"What kind of junk do you have in those boxes, grandpa?"
My grandson likes to explore. Anything will do - sea shore (his favorite), woods near or far, or ... basements. "What kind of junk do you have in those boxes, grandpa?" The basement has a poor record of revealing treasure, although the walkie talkies that we got working last week were a hit for almost an hour. The boxes in question contain old drafting supplies - souvenirs would be a better term because the chances of using them again are almost zero.
The watershed year for your reaction to these souvenirs is about 1965. If you were born before then, they stir up nostalgia or whatever is the negative version of nostalgia. If you were born after 1965, then we are talking curiosity about historical artifacts.
These souvenirs, or artifacts, were manufactured by companies like Dietzgen, Bruning, Castell (later Faber-Castell), Koh-I-Noor, Staedtler, Turquoise. Some companies went the way of buggy whip makers or merged. Others still make art and drafting supplies.
For those who need help (born after 1965) with identification, moving clockwise from upper left, we have:
Missing are the Rapidograph India Ink pens and pen points, couldn’t find them, but they have to be around. They were too expensive to let go of. I think points, which you needed at least four of for different line weights, cost about $40 each in the late 80s / early 90s. Nowadays that is a week’s coffee allowance. A full set of pens with special humidifier still costs about $150. (See link below if you want to time travel.)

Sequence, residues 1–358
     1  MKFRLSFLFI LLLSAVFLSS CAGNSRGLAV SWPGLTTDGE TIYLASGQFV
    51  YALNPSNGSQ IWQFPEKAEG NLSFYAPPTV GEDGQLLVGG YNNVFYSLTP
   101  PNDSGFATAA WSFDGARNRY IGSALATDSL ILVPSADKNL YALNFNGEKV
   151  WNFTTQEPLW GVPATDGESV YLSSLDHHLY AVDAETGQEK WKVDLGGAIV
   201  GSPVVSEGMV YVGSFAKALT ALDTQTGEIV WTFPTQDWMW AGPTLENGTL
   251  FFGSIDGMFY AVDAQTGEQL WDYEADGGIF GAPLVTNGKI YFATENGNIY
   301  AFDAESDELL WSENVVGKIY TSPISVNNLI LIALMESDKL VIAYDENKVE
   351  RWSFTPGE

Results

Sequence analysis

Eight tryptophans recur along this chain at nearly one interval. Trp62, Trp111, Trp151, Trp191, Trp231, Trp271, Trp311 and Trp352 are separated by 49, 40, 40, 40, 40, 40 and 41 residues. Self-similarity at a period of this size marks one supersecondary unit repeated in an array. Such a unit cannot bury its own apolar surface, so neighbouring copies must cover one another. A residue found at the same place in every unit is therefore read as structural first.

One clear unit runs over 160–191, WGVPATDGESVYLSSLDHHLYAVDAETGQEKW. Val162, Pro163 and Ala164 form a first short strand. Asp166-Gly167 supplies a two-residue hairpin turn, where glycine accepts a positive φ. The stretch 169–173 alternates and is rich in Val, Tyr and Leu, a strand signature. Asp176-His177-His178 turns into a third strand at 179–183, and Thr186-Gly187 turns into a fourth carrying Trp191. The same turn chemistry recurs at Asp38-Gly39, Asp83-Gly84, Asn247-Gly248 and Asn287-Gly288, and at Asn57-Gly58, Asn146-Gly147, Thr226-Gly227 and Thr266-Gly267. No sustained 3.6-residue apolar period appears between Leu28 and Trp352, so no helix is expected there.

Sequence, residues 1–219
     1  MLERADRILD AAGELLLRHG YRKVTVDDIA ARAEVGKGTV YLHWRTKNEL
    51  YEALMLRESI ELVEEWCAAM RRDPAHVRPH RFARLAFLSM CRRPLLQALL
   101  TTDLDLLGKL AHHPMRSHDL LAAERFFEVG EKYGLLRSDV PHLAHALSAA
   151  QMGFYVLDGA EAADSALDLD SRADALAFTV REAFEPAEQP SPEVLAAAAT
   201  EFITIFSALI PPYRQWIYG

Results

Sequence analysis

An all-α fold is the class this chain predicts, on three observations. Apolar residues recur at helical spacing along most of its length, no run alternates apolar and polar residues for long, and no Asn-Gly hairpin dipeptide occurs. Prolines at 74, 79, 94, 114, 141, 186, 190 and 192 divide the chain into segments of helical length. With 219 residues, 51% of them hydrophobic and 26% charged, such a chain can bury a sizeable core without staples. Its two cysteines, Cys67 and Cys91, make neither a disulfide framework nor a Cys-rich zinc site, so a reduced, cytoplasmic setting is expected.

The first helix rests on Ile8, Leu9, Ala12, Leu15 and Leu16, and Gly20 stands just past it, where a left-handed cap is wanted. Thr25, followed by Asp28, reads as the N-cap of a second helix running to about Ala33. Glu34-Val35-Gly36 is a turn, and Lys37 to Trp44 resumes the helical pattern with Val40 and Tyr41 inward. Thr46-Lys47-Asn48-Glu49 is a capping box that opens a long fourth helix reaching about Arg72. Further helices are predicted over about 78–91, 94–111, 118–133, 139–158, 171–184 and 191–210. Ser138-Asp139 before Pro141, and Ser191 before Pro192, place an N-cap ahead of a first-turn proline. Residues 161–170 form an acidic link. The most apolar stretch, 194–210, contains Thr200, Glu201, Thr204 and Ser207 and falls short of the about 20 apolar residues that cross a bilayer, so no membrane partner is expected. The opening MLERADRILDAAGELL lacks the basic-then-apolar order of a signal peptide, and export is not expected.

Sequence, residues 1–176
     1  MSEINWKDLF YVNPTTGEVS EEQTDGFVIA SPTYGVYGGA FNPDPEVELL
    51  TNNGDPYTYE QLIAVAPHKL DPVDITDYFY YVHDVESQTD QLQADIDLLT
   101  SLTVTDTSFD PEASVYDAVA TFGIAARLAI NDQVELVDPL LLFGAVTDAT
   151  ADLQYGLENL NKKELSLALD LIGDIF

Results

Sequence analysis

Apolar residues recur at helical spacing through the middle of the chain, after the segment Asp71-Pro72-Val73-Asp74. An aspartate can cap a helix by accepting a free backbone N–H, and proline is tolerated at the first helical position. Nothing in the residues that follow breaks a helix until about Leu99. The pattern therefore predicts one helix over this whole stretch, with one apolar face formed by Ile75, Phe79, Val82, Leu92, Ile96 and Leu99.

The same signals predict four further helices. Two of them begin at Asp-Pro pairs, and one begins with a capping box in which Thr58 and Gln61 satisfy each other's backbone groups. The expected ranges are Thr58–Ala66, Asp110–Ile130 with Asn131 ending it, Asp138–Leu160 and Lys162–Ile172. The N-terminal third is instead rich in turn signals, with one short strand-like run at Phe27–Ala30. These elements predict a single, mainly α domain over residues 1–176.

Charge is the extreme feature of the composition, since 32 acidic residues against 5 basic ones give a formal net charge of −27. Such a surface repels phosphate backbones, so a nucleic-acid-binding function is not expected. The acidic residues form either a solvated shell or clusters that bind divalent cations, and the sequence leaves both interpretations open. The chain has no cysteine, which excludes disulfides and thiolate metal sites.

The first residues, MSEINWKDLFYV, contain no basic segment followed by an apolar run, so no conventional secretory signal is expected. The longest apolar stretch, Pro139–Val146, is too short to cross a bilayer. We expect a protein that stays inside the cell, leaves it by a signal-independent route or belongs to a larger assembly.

You needed this stuff handy so some were permanent residents of your drafting surface, others resided on hooks screwed into the table edges and the rest were in your tackle box on the floor.
The well-equipped drafter also had an erasing shield, lettering guide, a couple of French curves, parallel edge, Spiroll, Luxo Lamp, Leroy lettering equipment, pin bar for systems drafting, drafting tape (or dots), Prismacolor colored pencils, and a handful, or more, of markers.
You could master all the tools you needed to use in a couple of weeks. Technique improved every year. It’s a little different now; and sadly the new tools take much more time to master and to stay current. “Sadly” because the tools never have made the architecture. Just sayin.
* there were different types for the various combinations of writing media (graphite, plastic lead, ink) and drawing media (linen, vellum, Mylar, bond paper)
** this is the ’big’ circle template; also needed were small circle, symbols, and plumbing templates
*** usually a small, medium and large size were needed for 45 and 30/60 degree triangles
**** leads came in various hardness/softness to suite the drafting - 7H to H, F, HB, B to 6B; a lot got done with H, 2H, and F (4H and harder are basically nails, 4B and softer are sticks of black butter)
See http://www.dickblick.com for many items mentioned here.
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